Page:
Photo of Lorraine M. Campos

Lorraine M. Campos is a partner and member of the Steering Committee of Crowell & Moring's Government Contracts Group and focuses her practice on assisting clients with a variety of issues related to government contracts, government ethics, campaign finance, and lobbying laws. Lorraine regularly counsels clients on all aspects of the General Services Administration (GSA) and the U.S. Department of Veterans Affairs (VA) Federal Supply Schedule (FSS) programs. She also routinely advises clients on the terms and conditions of these agreements, including the Price Reduction Clause, small business subcontracting requirements, and country of origin restrictions mandated under U.S. trade agreements, such as the Trade Agreements Act and the Buy American Act. Additionally, Lorraine advises life sciences companies, in particular, pharmaceutical and medical device companies, on federal procurement and federal pricing statutes, including the Veterans Health Care Act of 1992.

Lorraine has been ranked by Chambers USA since 2013, and she was recognized by Profiles in Diversity Journal as one of their "Women Worth Watching" for 2015. Additionally, Lorraine is active in the American Bar Association's Section of Public Contract Law and serves as co-chair of the Health Care Contracting Committee.

March 23, 2020

In the last several days, the federal government released a number of guidance documents designed to ease the impacts of COVID-19 on government contractors and grantees.  The guidance is summarized below:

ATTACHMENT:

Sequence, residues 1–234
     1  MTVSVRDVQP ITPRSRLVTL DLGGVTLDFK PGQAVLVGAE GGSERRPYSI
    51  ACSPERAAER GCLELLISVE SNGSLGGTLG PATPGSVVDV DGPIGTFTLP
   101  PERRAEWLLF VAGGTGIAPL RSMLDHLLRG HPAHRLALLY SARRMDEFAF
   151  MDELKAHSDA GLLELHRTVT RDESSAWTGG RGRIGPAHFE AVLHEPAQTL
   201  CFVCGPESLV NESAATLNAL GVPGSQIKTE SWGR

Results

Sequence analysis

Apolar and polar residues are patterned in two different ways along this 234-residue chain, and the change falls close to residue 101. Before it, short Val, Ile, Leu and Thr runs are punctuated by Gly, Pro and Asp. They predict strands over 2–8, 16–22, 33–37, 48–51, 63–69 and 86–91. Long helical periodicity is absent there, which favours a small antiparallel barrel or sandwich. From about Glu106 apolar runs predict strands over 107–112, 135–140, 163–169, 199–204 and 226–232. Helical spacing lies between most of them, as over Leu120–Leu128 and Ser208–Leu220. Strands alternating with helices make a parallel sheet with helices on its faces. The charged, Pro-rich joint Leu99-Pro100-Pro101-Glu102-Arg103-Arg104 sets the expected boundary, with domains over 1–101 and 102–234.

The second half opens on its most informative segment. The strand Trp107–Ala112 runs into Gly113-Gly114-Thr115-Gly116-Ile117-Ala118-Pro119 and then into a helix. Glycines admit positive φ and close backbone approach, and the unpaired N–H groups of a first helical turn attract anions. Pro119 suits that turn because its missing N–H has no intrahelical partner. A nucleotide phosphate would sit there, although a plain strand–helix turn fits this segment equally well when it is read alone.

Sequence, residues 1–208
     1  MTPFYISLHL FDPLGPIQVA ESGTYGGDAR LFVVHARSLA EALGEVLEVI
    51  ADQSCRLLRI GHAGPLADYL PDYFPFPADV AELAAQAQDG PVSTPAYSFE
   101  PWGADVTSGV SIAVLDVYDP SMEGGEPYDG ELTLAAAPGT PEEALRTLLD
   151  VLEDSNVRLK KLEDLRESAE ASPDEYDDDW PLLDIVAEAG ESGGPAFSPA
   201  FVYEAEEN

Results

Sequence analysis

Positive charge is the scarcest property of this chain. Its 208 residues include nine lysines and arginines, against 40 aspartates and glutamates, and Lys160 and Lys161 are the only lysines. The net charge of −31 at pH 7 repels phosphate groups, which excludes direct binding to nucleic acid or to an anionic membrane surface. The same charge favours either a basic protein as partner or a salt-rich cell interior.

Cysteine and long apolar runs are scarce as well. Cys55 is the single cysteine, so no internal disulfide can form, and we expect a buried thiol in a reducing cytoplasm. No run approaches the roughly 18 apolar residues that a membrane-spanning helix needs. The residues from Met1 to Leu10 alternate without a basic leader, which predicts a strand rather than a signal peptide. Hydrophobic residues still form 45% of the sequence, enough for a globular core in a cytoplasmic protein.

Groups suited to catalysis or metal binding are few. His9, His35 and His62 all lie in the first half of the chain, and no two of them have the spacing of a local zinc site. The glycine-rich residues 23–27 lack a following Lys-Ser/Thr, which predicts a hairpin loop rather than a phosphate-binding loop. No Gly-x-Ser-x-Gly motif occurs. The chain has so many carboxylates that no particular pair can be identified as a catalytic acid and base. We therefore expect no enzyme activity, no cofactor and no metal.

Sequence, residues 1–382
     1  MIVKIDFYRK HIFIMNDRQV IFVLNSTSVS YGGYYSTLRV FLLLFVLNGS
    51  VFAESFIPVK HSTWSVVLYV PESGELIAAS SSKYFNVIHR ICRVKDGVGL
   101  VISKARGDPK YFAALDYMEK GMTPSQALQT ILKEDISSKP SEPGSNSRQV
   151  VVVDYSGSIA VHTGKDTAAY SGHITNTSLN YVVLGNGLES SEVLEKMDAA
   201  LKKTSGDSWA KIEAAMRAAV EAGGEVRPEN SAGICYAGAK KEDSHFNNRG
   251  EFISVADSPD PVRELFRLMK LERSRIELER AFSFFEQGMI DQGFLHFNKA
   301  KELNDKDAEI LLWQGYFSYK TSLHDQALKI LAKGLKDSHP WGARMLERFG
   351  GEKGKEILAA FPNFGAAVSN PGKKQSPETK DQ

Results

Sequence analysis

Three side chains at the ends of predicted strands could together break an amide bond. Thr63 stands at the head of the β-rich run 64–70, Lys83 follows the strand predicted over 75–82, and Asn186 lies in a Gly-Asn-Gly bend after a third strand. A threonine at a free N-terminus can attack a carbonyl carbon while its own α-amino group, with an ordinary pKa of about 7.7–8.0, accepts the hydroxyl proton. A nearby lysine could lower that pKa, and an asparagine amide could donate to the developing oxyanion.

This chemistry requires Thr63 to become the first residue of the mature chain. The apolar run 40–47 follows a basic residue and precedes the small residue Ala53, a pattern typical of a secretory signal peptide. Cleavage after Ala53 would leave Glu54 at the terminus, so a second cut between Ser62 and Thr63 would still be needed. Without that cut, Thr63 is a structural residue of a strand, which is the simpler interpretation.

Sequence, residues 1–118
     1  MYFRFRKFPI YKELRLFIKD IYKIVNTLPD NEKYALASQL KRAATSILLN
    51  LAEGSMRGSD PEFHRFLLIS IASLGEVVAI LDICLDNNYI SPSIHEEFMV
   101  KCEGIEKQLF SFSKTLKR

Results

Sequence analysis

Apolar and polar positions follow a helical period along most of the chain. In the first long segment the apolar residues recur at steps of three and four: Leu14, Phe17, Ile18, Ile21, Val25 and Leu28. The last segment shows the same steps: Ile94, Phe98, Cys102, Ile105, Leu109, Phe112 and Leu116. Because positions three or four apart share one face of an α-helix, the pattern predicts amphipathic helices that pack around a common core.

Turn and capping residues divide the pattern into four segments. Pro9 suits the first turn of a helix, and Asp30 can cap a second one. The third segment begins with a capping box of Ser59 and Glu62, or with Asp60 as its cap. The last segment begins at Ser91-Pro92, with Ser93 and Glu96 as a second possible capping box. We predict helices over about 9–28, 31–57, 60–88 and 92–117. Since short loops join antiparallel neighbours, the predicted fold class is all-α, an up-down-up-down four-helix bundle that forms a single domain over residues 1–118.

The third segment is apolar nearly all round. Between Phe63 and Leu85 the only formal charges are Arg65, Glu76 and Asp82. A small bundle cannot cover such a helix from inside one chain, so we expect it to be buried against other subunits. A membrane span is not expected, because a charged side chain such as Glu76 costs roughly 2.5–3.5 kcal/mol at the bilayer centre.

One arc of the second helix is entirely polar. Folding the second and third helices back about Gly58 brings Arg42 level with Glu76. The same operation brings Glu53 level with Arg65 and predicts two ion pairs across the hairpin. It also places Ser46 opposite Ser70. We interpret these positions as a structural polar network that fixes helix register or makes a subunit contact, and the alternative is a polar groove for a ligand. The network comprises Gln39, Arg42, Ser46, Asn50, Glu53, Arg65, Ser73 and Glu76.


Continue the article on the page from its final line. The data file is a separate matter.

Contractors:

On January 31, 2020, the Trump administration issued an executive order cracking down on U.S. businesses that import directly or facilitate the import of counterfeit or pirated goods, illegal narcotics and other contraband. The order, entitled “Ensuring Safe & Lawful E-Commerce for US Consumers, Business, Government Supply Chains and Intellectual Property Rights,” directs

Today, in Acetris Health, LLC v. United States, the Federal Circuit held that a pharmaceutical manufactured in the United States qualified for sale, under the Trade Agreements Act of 1979 (TAA), to the Department of Veterans Affairs even though the active pharmaceutical ingredient (API) came from a non-designated country, India.

In reaching this decision,

On April 30, 2019, the Department of Justice (DOJ) Criminal Division issued an updated version of the “Evaluation of Corporate Compliance Programs” guidance originally published by the Criminal Division’s Fraud Section in February 2017. The update is more of a consolidation of various compliance program evaluation sources under the broader Criminal Division umbrella

On Valentine’s Day, two subcommittees of the House Committee on Science, Space, and Technology held a joint hearing on the potential application of blockchain technology beyond cryptocurrency and financial technology. This hearing highlights the U.S. Government’s growing interest in blockchain, a Distributed Ledger Technology (DLT) that has powered platforms for secure and decentralized transactions. While